Real concerns have been raised about several loans to Mozambique from two London-based banks. A recent audit of the loans raises a number of questions, including a lack of evidence that they had been used for their stated purposes. While the loans were given government guarantees by senior officials of the Mozambique government, they were not approved by the Mozambique parliament. Campaigners in Mozambique argue that the loans therefore violate the country’s constitution and are calling for the current government of Mozambique to repudiate the loans.
However, I understand that the Mozambique loans are owed under UK law. This means that any legal dispute about their payment would be heard in London courts. According to the Jubilee Debt Campaign over 90 per cent of debts from private lenders to governments in sub-Saharan Africa are also owed under UK law. This makes this an important issue for the UK more widely.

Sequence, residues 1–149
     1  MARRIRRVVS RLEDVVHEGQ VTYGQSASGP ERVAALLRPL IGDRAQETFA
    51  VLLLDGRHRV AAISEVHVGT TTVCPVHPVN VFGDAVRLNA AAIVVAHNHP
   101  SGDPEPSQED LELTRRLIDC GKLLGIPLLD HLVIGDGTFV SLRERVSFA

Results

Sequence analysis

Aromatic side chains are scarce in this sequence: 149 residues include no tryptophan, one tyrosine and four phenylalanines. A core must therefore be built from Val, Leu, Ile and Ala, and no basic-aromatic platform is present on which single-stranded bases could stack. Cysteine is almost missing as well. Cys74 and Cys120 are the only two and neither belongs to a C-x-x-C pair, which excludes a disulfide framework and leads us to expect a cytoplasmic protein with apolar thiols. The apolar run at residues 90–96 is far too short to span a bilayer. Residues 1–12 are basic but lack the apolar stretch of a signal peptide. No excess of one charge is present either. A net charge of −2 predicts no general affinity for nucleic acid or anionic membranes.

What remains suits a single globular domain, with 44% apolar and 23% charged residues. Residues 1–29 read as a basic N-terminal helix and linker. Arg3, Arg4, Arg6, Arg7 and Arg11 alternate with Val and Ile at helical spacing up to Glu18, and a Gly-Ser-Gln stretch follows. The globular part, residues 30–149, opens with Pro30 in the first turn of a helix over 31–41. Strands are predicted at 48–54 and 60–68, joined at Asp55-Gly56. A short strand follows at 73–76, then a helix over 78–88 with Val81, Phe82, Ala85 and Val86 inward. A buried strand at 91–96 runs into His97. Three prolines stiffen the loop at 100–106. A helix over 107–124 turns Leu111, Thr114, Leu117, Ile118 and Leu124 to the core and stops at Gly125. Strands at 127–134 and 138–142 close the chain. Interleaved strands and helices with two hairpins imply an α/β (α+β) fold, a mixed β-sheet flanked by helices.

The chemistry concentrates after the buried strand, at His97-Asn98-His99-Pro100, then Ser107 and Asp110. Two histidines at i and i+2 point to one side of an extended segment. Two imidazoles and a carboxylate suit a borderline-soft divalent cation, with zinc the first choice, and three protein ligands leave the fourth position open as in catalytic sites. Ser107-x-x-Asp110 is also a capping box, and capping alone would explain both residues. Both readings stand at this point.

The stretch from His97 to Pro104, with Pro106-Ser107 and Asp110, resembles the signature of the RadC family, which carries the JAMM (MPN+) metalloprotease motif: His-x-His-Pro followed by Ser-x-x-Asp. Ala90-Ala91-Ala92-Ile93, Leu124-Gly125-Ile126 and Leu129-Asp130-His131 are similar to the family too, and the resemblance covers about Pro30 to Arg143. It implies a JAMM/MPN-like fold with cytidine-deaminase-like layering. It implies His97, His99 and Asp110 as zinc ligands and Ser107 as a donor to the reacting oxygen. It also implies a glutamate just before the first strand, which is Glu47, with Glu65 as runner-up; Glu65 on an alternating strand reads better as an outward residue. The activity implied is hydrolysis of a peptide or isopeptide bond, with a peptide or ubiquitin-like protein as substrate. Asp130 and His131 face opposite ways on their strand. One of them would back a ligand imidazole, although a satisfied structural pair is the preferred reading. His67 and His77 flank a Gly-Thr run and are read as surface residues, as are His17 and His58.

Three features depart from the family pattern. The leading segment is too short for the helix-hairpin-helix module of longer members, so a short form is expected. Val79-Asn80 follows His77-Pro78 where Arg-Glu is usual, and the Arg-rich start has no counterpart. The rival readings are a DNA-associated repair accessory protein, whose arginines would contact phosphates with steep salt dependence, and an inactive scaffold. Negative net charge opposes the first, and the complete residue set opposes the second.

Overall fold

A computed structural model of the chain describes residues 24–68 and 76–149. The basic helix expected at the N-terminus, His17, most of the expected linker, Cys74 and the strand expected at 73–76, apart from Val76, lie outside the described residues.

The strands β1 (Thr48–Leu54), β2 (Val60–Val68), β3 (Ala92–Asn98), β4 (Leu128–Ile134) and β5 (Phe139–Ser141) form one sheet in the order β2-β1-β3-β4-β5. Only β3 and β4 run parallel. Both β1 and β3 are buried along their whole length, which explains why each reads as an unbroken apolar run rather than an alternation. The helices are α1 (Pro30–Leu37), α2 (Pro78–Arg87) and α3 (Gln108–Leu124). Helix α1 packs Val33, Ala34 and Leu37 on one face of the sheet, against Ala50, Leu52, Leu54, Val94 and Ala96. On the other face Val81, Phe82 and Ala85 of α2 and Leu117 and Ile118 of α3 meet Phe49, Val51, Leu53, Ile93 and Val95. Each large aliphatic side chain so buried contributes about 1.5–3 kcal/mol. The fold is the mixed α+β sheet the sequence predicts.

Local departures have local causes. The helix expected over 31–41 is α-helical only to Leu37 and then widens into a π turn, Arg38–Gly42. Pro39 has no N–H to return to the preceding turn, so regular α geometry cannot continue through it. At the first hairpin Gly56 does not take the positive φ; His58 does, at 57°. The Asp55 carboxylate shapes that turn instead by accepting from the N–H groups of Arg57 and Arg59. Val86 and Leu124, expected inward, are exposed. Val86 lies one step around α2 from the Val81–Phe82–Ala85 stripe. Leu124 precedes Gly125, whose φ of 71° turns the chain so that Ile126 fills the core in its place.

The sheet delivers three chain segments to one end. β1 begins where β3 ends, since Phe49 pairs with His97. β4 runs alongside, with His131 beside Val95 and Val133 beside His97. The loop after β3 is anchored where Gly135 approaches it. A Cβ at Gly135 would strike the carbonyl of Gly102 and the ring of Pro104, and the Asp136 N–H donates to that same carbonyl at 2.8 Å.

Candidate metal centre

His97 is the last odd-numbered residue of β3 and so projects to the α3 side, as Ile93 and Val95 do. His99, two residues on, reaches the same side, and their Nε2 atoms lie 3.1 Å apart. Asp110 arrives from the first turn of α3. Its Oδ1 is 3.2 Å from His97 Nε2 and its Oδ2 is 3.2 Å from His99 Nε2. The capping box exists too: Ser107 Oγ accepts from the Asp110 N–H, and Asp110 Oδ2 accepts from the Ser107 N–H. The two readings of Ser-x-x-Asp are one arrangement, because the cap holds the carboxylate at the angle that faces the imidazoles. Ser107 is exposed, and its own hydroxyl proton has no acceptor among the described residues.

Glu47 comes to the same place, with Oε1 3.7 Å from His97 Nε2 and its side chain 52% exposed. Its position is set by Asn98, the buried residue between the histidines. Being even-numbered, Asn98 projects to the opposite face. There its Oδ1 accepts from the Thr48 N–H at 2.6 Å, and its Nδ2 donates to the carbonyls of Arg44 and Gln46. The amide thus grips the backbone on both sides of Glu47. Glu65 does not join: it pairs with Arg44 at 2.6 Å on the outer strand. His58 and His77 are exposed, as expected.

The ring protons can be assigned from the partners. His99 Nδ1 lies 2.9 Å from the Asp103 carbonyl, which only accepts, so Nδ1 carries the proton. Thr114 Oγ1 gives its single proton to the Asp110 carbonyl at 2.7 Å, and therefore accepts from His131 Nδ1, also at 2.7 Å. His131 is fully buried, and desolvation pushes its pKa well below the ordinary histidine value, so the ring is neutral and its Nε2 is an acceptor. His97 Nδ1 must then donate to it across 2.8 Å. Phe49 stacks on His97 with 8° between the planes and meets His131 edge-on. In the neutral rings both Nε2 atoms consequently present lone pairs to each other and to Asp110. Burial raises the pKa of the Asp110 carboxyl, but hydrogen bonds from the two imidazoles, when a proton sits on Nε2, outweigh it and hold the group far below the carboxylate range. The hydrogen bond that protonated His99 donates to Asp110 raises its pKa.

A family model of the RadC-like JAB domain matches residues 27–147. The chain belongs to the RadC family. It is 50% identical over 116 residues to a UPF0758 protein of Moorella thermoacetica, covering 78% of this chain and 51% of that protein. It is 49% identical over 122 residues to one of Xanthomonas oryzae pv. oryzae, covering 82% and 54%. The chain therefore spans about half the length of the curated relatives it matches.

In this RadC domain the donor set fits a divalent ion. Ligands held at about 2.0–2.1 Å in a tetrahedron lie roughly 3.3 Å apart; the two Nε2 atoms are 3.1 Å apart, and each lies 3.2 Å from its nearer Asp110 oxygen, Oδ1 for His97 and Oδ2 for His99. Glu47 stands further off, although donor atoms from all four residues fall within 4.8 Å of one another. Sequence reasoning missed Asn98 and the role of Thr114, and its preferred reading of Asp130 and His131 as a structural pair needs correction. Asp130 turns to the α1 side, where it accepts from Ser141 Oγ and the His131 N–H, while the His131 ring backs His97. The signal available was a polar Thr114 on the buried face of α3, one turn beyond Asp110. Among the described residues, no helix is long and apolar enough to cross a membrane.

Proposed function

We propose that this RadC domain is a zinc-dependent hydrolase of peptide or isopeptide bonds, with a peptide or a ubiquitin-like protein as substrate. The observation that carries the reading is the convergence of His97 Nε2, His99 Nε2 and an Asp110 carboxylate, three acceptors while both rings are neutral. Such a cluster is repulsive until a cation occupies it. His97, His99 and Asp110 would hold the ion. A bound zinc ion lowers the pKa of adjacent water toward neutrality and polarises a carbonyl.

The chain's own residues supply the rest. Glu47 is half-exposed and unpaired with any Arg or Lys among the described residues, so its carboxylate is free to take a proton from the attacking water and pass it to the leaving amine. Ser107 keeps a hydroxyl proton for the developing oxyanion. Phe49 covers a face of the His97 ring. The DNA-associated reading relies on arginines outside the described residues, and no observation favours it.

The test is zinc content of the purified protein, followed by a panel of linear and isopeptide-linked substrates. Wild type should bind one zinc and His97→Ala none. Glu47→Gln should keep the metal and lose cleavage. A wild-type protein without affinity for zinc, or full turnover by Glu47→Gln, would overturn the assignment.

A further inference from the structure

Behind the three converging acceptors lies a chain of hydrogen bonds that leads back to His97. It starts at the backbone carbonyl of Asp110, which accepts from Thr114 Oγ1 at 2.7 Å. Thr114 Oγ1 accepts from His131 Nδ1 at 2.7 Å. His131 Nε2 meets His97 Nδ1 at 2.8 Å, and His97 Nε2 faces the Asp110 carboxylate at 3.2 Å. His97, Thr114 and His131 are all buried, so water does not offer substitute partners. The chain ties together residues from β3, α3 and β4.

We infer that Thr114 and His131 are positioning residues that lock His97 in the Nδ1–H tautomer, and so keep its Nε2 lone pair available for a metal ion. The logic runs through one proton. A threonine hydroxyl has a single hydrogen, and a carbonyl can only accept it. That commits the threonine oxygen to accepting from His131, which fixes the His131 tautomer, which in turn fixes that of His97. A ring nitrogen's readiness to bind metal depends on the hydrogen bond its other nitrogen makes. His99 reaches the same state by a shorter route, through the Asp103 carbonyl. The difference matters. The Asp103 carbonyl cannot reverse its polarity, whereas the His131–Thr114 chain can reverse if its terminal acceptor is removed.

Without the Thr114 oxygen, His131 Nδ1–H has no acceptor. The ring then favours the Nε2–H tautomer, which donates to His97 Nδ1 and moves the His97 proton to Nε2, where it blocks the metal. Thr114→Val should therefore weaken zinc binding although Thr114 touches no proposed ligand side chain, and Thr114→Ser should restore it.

The Debt Relief (Developing Countries) Act 2010 limits the amount that so-called ‘vulture funds’ – institutions that buy developing countries’ sovereign debt at discounted prices and then seek to recover its full value through legal action – can recover from countries designated as having unsustainable external debts.
However, the government should consider strengthening the Act to ensure that vulture funds cannot ignore agreed debt restructuring in pursuit of large profits in UK courts. I will continue to follow this issue closely.